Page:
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When it comes to leadership, Rice says he is better prepared to serve

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WILLMAR -- Larry Rice of Willmar believes people voting in the August DFL primary should choose him because he is an effective leader.

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Rice will face State Sen. Lyle Koenen of Clara City in the Aug. 14 primary. The winner of the primary will face Republican Sen. Joe Gimse in the Nov. 6 general election. The men are running in a primary because the party was split and didn't endorse either of them in the race.

"I'm running because I think I would be a more effective leader than Lyle would be," Rice said.

His years as a businessman give him more experience as a leader, he said, and he is used to considering all sides of an issue before making up his mind.

In Rice's opinion, both Koenen and Gimse follow their party's views in situations where they "need to exercise some leadership."

Rice ran against Gimse in 2010 and lost. He said he decided to run for the office again because he felt he had unfinished business.

"We had pretty much the same dysfunctional government in the last two years," he said. "I think there should be some working across the aisle; I see the need for people who are willing and want to do that."

On specific issues, he said he hopes to find a way to repair a structural imbalance in the state's tax system. Property taxes have gone up, but that is not a progressive tax. He is a strong supporter of public education and wants to see the state stop borrowing from its schools.

He has traveled around the district talking to people. "What they're looking for from government is stability," he said.

"Constantly denigrating government is not helpful to our state or society," he said. "There is a proper role for government."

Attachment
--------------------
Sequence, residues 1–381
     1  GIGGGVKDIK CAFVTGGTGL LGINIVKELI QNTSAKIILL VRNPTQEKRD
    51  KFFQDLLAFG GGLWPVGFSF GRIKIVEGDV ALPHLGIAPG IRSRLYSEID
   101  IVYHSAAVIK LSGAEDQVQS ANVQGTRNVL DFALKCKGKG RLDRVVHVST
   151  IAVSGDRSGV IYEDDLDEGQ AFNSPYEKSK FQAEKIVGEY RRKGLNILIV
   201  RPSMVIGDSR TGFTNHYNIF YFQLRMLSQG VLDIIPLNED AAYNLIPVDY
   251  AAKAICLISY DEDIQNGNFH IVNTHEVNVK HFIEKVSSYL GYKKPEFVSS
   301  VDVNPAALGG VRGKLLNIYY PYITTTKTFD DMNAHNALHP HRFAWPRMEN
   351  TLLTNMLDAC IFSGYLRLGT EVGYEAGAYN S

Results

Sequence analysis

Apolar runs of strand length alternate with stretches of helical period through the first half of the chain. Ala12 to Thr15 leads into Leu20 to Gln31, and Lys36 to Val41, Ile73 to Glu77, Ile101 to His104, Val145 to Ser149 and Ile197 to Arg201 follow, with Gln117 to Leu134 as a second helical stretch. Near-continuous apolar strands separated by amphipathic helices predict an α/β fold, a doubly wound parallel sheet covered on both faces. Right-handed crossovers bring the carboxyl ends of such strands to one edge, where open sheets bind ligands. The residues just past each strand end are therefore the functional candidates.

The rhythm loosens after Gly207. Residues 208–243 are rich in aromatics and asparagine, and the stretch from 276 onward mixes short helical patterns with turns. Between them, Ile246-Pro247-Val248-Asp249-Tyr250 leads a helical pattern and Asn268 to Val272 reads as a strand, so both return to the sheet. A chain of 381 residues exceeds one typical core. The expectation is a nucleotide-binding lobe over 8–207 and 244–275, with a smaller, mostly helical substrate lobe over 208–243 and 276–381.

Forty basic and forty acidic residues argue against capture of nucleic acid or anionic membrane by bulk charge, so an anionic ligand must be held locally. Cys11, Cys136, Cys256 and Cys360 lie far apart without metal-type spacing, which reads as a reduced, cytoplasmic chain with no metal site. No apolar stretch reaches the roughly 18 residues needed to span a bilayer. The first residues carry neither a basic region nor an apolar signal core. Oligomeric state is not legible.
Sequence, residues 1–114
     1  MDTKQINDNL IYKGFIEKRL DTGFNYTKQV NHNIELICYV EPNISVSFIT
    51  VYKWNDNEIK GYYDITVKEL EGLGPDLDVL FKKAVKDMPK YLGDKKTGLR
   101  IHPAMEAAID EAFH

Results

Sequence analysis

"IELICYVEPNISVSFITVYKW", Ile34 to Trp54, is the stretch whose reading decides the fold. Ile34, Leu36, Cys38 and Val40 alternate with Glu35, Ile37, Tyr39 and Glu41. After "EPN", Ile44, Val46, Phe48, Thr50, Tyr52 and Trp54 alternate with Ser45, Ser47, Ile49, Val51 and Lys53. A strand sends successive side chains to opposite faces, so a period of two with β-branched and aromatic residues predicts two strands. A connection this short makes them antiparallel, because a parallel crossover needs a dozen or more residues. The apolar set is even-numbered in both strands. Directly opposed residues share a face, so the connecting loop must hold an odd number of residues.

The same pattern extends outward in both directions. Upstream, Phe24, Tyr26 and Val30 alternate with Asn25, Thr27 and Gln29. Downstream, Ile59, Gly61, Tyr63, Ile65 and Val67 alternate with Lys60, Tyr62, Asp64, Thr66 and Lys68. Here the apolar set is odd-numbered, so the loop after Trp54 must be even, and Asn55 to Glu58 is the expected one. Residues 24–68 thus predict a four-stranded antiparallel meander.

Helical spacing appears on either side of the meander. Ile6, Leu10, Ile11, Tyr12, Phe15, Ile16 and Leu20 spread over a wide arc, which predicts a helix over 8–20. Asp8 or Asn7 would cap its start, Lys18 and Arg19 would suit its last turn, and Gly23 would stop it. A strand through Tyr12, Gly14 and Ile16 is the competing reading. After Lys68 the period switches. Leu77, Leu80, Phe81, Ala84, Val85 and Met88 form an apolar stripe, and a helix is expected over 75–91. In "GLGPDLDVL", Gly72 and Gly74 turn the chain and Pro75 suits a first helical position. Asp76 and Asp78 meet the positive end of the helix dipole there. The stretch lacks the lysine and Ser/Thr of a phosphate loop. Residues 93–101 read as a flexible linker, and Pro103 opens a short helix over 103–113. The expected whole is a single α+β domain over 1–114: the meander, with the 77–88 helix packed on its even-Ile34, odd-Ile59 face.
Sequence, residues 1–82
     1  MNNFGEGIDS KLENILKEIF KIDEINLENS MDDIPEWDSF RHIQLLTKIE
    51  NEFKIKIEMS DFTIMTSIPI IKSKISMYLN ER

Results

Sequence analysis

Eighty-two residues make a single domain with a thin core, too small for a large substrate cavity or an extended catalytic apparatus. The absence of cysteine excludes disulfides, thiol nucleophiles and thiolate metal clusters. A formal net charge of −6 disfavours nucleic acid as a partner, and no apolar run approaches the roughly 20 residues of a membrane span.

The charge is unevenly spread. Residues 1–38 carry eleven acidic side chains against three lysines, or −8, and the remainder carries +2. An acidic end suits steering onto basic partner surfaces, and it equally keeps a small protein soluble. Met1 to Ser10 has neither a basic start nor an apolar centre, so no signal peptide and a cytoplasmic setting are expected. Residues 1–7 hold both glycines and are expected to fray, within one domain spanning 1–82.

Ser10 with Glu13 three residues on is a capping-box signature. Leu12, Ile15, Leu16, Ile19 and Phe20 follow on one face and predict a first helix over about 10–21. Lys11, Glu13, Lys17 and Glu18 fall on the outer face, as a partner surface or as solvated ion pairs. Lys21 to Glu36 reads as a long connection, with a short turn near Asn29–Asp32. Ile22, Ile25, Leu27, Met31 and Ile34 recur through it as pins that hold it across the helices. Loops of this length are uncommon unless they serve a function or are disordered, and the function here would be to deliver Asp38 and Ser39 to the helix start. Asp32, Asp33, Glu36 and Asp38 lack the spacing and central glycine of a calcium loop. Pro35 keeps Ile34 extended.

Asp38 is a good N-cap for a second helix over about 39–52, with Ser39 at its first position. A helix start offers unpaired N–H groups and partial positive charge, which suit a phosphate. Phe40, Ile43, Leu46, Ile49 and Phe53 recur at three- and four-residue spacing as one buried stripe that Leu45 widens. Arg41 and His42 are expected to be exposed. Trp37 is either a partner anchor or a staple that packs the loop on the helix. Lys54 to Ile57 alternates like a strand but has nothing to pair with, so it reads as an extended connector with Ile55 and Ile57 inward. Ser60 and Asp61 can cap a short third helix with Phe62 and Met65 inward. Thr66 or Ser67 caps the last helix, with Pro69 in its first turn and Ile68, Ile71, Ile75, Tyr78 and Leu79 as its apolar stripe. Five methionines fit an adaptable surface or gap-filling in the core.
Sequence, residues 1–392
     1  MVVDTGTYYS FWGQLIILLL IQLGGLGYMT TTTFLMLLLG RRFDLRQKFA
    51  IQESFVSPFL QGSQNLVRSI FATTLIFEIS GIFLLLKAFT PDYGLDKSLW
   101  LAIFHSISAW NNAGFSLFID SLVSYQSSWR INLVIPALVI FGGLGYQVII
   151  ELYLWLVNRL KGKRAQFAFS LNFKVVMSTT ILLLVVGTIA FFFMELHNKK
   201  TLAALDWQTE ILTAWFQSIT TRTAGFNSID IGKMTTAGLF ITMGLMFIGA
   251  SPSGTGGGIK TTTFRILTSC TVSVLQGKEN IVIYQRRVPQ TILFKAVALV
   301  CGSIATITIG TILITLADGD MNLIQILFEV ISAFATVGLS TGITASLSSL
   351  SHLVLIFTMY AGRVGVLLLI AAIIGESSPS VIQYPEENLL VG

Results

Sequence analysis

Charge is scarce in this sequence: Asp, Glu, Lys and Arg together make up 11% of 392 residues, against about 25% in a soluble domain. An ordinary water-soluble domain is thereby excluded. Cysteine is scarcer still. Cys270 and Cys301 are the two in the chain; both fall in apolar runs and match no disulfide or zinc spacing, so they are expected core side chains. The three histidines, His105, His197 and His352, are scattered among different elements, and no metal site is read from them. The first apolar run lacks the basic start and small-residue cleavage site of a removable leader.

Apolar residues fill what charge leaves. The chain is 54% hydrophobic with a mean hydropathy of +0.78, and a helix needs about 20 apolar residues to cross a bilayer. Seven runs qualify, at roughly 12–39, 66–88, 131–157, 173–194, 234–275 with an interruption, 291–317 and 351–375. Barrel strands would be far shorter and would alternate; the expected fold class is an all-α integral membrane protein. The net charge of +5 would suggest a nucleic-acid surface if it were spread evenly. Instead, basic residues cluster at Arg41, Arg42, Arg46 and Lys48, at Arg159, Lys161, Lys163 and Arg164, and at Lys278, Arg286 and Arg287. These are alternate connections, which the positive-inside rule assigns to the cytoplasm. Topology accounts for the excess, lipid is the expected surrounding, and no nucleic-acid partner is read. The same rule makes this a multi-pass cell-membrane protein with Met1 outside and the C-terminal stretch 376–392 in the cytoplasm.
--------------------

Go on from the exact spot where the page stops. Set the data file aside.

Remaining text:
Rice said he would have opposed both of the constitutional amendments the Legislature voted to put on the general election ballot this fall.

On the amendment banning gay marriage, Rice noted that the ban is already in state statute. "We should not be using the constitution to take away rights," he added.

An amendment requiring a government-issued photo identification to vote is "a solution in search of a problem," he said. He is concerned about a new provisional balloting system and about the possibility that older people and poor people could be disenfranchised.

Rice said he believes the new Senate District 17 offers a good opportunity for victory for a moderate DFLer.

He also believes having a district the stretches south and west from Willmar is a more natural fit than the former district that included western Stearns County.

"Our needs as a region are more similar," he said. Kandiyohi County seems to have more interactions with communities south and west, he added.

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Linda Vanderwerf

I cover education issues for the West Central Tribune and have worked for the paper since 1995. I have worked in journalism since 1981.

Follow me on Twitter: @lindavanderwerf

(320) 214-4340
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